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Configure Office Web Apps for SharePoint 2013

Updated: December 10, 2013

Summary: Explains how to configure SharePoint 2013 to use Office Web Apps.

Applies to:  SharePoint Foundation 2013 | Office Web Apps | SharePoint Server 2013 

Audience: IT Professionals

This article picks up where Deploy Office Web Apps Server left off. In that article, you set up the server that runs Office Web Apps Server. In this one, you’ll configure SharePoint 2013 to use Office Web Apps Server. First, you’ll need to run a few Windows PowerShell cmdlets from SharePoint 2013, after which users will be able to open Office files from SharePoint 2013 document libraries in a browser.

If you’re not familiar with the features of Office Web Apps Server, check out the overview topic.

In this article:

A few things to check before getting started:

  • Install SharePoint 2013. See Install SharePoint 2013 for guidance.

  • Make sure all SharePoint 2013 web applications use claims-based authentication. Office Web Apps rendering and editing won’t work on SharePoint 2013 web applications that use classic mode authentication. Learn more in SharePoint authentication requirements for Office Web Apps.

  • To enable users to edit (not just read) Office documents in a web browser, you’ll need an editing license. Also, you’ll need to enable editing on the Office Web Apps Server farm. You can learn more about licensing requirements in Licensing Office Web Apps for editing Office files.

  • If you log on to SharePoint 2013 by using the System Account, you won’t be able to test the connection between SharePoint 2013 and Office Web Apps Server. Log on with a different account to test the connection.

  • Low memory conditions can cause Office document previews to fail in Office Web Apps. Review the article, Hardware requirements—web servers, application servers, and single server installations, for SharePoint 2013. These are the same requirements used by Office Web Apps Server.

Choose one of the following sections depending on whether you want to use HTTP or HTTPS. HTTP is generally recommended only for test environments. In production environments, the more secure HTTPS protocol is the better choice.

For this configuration, make sure you have set up Office Web Apps Server by following the steps in Deploy a single-server Office Web Apps Server farm that uses HTTP. Be sure to configure the Office Web Apps Server farm to use an internal URL and HTTP. The Video: Configure Office Web Apps for SharePoint 2013 shows how to set up Office Web Apps Server and configure SharePoint 2013 to use Office Web Apps Server in a test environment.

Choose the procedure that corresponds to your server operating system.

  1. Click Start > All Programs > Microsoft SharePoint 2013 Products.

  2. Right-click SharePoint 2013 Management Shell, and click Run as administrator.

  1. Press the Windows logo key + Q, or swipe in from the edge of the screen to show the charms, and then click Search to see all the applications that are installed on the computer.

  2. Right-click SharePoint 2013 Management Shell to display the app bar.

  3. In the app bar, click Run as administrator.

Run the following command, where <WacServerName> is the fully qualified domain name (FQDN) of the URL that you set for the internal URL. This is the point of entry for Office Web Apps Server traffic. For this test environment, you need to specify the –AllowHTTP parameter to allow SharePoint 2013 to receive discovery information from the Office Web Apps Server farm by using HTTP. If you don’t specify –AllowHTTP, SharePoint 2013 will try to use HTTPS to communicate with the Office Web Apps Server farm, and this command won’t work.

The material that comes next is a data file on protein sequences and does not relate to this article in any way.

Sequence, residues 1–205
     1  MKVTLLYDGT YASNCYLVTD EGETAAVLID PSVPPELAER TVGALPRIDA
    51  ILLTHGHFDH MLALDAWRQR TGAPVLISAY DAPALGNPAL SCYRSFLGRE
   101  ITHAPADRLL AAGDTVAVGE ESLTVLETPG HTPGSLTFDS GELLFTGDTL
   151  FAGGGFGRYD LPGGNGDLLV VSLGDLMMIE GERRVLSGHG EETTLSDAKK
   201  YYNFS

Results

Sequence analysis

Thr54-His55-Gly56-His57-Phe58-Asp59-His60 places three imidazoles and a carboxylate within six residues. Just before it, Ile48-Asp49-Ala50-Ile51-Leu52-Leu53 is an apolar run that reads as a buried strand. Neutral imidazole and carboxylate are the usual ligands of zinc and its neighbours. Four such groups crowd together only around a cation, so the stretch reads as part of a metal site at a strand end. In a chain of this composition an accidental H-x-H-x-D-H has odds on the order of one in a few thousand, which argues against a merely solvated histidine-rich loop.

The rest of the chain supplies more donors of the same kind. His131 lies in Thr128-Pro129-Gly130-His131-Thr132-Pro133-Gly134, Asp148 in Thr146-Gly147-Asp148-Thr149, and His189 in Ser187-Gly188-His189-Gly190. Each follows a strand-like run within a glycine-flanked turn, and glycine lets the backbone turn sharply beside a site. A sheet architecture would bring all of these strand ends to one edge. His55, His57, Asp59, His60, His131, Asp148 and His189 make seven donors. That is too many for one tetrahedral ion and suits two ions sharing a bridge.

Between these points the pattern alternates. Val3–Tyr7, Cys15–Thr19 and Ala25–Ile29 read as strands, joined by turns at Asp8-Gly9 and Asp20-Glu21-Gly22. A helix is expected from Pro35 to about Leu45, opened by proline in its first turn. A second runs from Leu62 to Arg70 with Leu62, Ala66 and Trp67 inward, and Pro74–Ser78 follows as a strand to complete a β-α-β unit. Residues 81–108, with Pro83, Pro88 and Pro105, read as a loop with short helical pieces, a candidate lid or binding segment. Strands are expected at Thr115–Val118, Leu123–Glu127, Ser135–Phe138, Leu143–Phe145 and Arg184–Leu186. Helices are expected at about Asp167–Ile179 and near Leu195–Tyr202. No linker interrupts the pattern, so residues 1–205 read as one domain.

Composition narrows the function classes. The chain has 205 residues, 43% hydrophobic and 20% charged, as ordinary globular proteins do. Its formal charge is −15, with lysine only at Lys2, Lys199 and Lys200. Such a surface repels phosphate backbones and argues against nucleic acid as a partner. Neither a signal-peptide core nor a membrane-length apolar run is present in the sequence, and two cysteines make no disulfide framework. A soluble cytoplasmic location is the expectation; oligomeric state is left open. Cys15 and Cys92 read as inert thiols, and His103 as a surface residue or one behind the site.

New-SPWOPIBinding -ServerName <WacServerName> -AllowHTTP

After running this command, you should see a list of bindings displayed at the Windows PowerShell command prompt.

Need help? See New-SPWOPIBinding.

Office Web Apps Server uses zones to determine which URL (internal or external) and which protocol (HTTP or HTTPS) to use when it communicates with the host, in this case, SharePoint 2013. By default, SharePoint Server 2013 uses the internal-https zone. Run the following command to see what your current zone is.

Get-SPWOPIZone

The WOPI zone displayed by this command should be internal-http. If it’s displayed correctly, skip to step 5. If it isn’t, see the next step.

Need help? See Get-SPWOPIZone.

If the result from Step 3 was internal-https, run the following command to change the zone to internal-http. You need to make this change because the zone of SharePoint 2013 must match the zone of the Office Web Apps Server farm.

Set-SPWOPIZone –zone “internal-http”

Verify that the new zone is internal-http by running Get-SPWOPIZone again.

Need help? See Set-SPWOPIZone and Get-SPWOPIZone.

To use Office Web Apps with SharePoint 2013 over HTTP in a test environment, you need to set AllowOAuthOverHttp to True. Otherwise Office Web Apps won’t work. You can check the current status by running the following example.

(Get-SPSecurityTokenServiceConfig).AllowOAuthOverHttp

If this command returns False, run the following commands to set this to True.

$config = (Get-SPSecurityTokenServiceConfig)
$config.AllowOAuthOverHttp = $true
$config.Update()

Run the following command again to verify that the AllowOAuthOverHttp setting is now set to True.

(Get-SPSecurityTokenServiceConfig).AllowOAuthOverHttp

Need help? See Get-SPSecurityTokenServiceConfig.

In SharePoint 2013, make sure you’re not logged on as System Account because you won’t be able to edit or view the documents with Office Web Apps. Go to a SharePoint 2013 document library that contains Office documents and view a Word, PowerPoint, Excel, or OneNote file. The document should open in a browser that displays the file by using Office Web Apps.

If this step fails, see Troubleshoot errors in Office Web Apps when it is used with SharePoint 2013.

Before you start the following procedures, make sure that you have set up Office Web Apps Server by following the steps in Deploy a single-server Office Web Apps Server farm that uses HTTPS or Deploy a multi-server, load-balanced Office Web Apps Server farm that uses HTTPS.

Choose the procedure that corresponds to your server operating system.

  1. Select Start > All Programs > Microsoft SharePoint 2013 Products.

  2. Right-click SharePoint 2013 Management Shell to display the shortcut menu, and click Run as administrator.

  1. Press the Windows logo key + Q, or swipe in from the edge of the screen to show the charms and then click Search to see all the applications that are installed on the computer.

  2. Right-click SharePoint 2013 Management Shell to display the app bar.

  3. In the app bar, click Run as administrator.

Run the following command, where <WacServerName> is the fully qualified domain name (FQDN) of the URL that you set for the internal URL. This is the point of entry for Office Web Apps Server traffic.

New-SPWOPIBinding -ServerName <WacServerName> 

Need help? See New-SPWOPIBinding.

Office Web Apps Server uses zones to determine which URL (internal or external) and which protocol (HTTP or HTTPS) to use when it communicates with the host, which in this case is SharePoint 2013. By default, SharePoint Server 2013 uses the internal-https zone. Verify that this is the current zone by running the following command.